On 16 August 2018, a Full Federal Court of Australia confirmed the importance of properly characterising the nature of a casual employment relationship. The decision in WorkPac Pty Ltd v Skene  FCAFC 131 (Workpac) also shone a searing light into the practice and common misunderstanding of the risks of using ‘permanent casuals’.
Paul Skene was employed by Workpac, working as a driver and transport operator from 2010 to 2012 at coal mine sites in central Queensland. He was described in his contract of employment as a ‘casual’ employee. He received a flat rate of pay, which was not described explicitly as including the 20% casual loading on the base rate under the applicable enterprise agreement – but the employer argued that it indeed included such a loading. In April 2012, Mr Skene’s employment was terminated and he claimed that he was entitled to payment in lieu of accrued annual leave entitlements both under the Fair Work Act 2009 (Cth) (FW Act) and the enterprise agreement.
Workpac argued that Mr Skene was not entitled to payment in lieu of annual leave because section 86 of the FW Act excludes casual employees from the entitlement to receive annual leave. Further, the enterprise agreement provided an entitlement to annual leave only for ‘permanent’ employees.
Although the contract of employment described Mr Skene as a ‘casual employee’, the Full Court found (applying Hamzy v Tricon International Restaurants  FCA 1589: 115 FCR 78 (Hamzy)) that casual employment has a legal meaning – so that whether employment is ongoing or casual must be determined on an objective basis, having regard to the totality of the relationship. This is much like assessing whether an individual is an employee or a contractor.
In this context, the Full Court reviewed the issue of what exactly is a ‘casual’. In doing so, the Court endorsed the principle expressed in Hamzy that the ‘essence of casualness‘ is ‘the absence of a firm advance commitment as to the duration of the employee’s employment or the days (or hours) the employee will work‘. This may still include engagements on a regular or systematic basis.
The critical factors in applying this test include:
- the way in which the parties regard their relationship;
- any commitment to ongoing employment;
- the regularity or otherwise of the worker’s hours or days of work;
- how the worker was notified of each period of work;
- the payment of an hourly rate for hours actually worked;
- any indication that the hourly rate was intended to encompass leave entitlements;
- the absence of payment of the benefits associated with ongoing employment, i.e. leave; and
- the employer’s and the worker’s right to refuse to offer or accept further work.
The Full Court also noted that the nature of the engagement may change over time: an employee may initially be engaged on a casual basis, but at some later point in time the nature of the engagement may change, and become an ongoing – often described as ‘permanent’ – full-time or part-time arrangement.
Critical factors in the Workpac matter included that, upon engagement, Mr Skene was advised of the set hours of work and given a FIFO roster which covered the next 12 months. Mr Skene worked in the same role with the same work crew and carried out the same duties each time he worked the roster. Workpac also did not expressly specify that the flat rate of $50.00 per hour included a casual loading.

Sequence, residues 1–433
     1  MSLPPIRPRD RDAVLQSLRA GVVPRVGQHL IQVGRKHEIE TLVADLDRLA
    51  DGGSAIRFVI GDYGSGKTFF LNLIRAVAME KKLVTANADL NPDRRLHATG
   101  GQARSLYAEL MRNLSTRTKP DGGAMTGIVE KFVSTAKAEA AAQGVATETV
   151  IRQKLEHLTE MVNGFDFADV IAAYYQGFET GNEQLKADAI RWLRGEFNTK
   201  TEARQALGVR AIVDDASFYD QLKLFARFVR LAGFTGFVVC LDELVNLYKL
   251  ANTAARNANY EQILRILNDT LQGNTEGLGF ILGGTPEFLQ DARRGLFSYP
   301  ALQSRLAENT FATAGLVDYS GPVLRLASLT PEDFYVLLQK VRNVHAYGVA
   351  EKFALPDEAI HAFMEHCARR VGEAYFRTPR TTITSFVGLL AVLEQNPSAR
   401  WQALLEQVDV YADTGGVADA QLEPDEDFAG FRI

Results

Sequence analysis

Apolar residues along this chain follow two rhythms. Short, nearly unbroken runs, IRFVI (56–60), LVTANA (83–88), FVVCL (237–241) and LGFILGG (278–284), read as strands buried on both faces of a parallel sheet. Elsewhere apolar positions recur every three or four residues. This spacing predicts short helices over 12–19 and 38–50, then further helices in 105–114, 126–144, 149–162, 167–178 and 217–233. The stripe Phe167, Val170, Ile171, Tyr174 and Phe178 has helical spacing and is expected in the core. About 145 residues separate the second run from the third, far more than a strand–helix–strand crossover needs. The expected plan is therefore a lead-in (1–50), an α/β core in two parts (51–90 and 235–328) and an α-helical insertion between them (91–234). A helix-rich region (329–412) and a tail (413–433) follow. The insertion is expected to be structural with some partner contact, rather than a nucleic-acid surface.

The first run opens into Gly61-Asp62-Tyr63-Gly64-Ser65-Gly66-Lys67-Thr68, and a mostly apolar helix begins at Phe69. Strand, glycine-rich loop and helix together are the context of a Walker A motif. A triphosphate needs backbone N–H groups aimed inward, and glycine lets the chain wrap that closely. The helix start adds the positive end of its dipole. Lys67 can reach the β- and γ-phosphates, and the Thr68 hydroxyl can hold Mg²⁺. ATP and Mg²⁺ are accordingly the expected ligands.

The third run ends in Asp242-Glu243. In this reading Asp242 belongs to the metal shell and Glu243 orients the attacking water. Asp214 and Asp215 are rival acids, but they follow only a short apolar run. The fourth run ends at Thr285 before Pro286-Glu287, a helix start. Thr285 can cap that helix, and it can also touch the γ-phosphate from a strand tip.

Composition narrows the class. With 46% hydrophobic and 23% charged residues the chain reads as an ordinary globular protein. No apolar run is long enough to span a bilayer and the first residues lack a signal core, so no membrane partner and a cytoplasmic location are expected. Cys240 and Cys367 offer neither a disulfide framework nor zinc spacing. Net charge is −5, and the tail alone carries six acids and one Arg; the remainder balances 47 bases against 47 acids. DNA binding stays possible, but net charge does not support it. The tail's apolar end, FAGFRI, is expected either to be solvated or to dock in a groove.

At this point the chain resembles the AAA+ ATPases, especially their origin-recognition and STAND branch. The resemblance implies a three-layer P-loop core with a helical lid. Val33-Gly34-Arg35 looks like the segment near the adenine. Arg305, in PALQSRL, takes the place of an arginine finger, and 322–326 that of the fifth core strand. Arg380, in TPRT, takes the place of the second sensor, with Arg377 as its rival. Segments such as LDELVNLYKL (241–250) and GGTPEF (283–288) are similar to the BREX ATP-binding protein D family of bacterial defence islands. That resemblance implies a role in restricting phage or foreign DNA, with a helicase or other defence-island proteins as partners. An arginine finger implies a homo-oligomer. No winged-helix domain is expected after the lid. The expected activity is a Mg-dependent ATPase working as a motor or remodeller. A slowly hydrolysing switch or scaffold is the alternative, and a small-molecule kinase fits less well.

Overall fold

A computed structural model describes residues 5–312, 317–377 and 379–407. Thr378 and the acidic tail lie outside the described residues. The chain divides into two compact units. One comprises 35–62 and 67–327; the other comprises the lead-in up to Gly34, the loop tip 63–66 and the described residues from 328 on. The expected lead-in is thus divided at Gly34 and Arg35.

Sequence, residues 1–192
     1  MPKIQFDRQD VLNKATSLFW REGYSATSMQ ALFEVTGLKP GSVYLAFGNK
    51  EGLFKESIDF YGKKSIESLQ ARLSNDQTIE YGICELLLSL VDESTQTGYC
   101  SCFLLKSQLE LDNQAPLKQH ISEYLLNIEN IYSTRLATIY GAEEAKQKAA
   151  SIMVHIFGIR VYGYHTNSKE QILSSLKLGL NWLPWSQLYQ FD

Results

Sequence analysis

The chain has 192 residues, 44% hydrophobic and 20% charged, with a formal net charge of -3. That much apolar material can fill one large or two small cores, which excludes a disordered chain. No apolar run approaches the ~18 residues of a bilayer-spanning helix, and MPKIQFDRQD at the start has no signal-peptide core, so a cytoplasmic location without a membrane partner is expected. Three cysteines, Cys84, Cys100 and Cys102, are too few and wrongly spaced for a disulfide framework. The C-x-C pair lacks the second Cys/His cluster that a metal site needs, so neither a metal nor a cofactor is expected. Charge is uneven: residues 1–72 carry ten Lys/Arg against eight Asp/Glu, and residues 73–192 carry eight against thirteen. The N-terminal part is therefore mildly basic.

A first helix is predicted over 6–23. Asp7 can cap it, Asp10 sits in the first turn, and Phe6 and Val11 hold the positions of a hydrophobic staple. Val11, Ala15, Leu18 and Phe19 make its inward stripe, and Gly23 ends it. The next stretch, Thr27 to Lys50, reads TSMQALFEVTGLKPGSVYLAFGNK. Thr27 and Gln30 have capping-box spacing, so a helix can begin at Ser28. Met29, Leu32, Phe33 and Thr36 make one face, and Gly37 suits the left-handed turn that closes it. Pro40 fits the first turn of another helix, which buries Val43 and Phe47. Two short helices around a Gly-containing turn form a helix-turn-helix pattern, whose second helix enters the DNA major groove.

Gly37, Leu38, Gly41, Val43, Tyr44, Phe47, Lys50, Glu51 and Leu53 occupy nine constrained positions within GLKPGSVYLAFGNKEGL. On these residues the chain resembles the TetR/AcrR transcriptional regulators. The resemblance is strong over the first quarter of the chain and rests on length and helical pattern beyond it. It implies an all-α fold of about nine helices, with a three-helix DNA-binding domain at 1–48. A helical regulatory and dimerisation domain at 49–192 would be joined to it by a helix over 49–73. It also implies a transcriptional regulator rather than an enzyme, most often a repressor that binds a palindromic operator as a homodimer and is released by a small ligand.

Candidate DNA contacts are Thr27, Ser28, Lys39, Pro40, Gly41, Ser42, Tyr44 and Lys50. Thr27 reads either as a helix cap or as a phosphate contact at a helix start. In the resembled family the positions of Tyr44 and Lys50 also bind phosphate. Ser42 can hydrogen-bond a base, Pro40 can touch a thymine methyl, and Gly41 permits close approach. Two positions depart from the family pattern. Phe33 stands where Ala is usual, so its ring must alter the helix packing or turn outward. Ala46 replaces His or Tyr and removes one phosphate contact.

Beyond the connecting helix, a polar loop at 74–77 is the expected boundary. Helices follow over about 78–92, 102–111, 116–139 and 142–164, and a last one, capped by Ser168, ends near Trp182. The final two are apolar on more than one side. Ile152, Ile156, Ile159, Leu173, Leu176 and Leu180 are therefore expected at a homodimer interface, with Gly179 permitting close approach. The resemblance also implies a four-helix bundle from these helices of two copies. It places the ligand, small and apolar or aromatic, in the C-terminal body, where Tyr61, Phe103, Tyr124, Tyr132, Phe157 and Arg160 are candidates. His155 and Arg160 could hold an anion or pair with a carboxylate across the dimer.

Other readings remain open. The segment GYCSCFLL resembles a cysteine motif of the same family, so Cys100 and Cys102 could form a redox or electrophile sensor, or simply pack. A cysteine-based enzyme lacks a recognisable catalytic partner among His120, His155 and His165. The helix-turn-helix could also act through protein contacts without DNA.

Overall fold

Workpac argued that it was unfair to permit employees to double-dip, on the one hand receiving a casual loading and then claiming leave entitlements. However, while the Full Court held that ongoing employee entitlements may be off-set by a casual loading explicitly agreed to be offset against such entitlements, it was not clear in this case that such a loading had been paid.
Ultimately, Workpac was required to pay annual leave entitlements in addition to those payments made over the course of the employment, and the Full Court referred the matter back to the Federal Circuit Court to determine any penalties that should be imposed on Workpac.
This decision is not unsurprising, given the facts of the particular case. However, it does serve as an important reminder to employers to review their employment arrangements and ensure that employees are appropriately characterised as either full-time, part-time or casual and the correct entitlements are applied. A careful assessment and reassessment at regular intervals over the course of the engagement will minimise the risk of ‘double-dipping’ by employees who have otherwise been considered casual and paid as such over the course of their engagement. It is prudent to at least review employment arrangements after 12 months’ service. It may also be useful in some circumstances for employers to reserve the right to transfer employee status from casual to part-time/full-time if it is clear that the working arrangement has become ongoing, regular and systematic.
For casual employees, we also recommend clearly specifying the portion of their rate of pay which is the casual loading, to permit set-off in case of a dispute in future as to the nature of the engagement.
Finally, it is important to note that many awards require an employer to ‘convert’ a casual employee who is engaged on a regular and systematic basis for at least six months to ongoing employment. Employers have an obligation to notify casual employees of their right of conversion in accordance with the applicable award.
Please contact Thomson Geer’s Employment and Safety team if you require any advice or assistance in managing casual employment.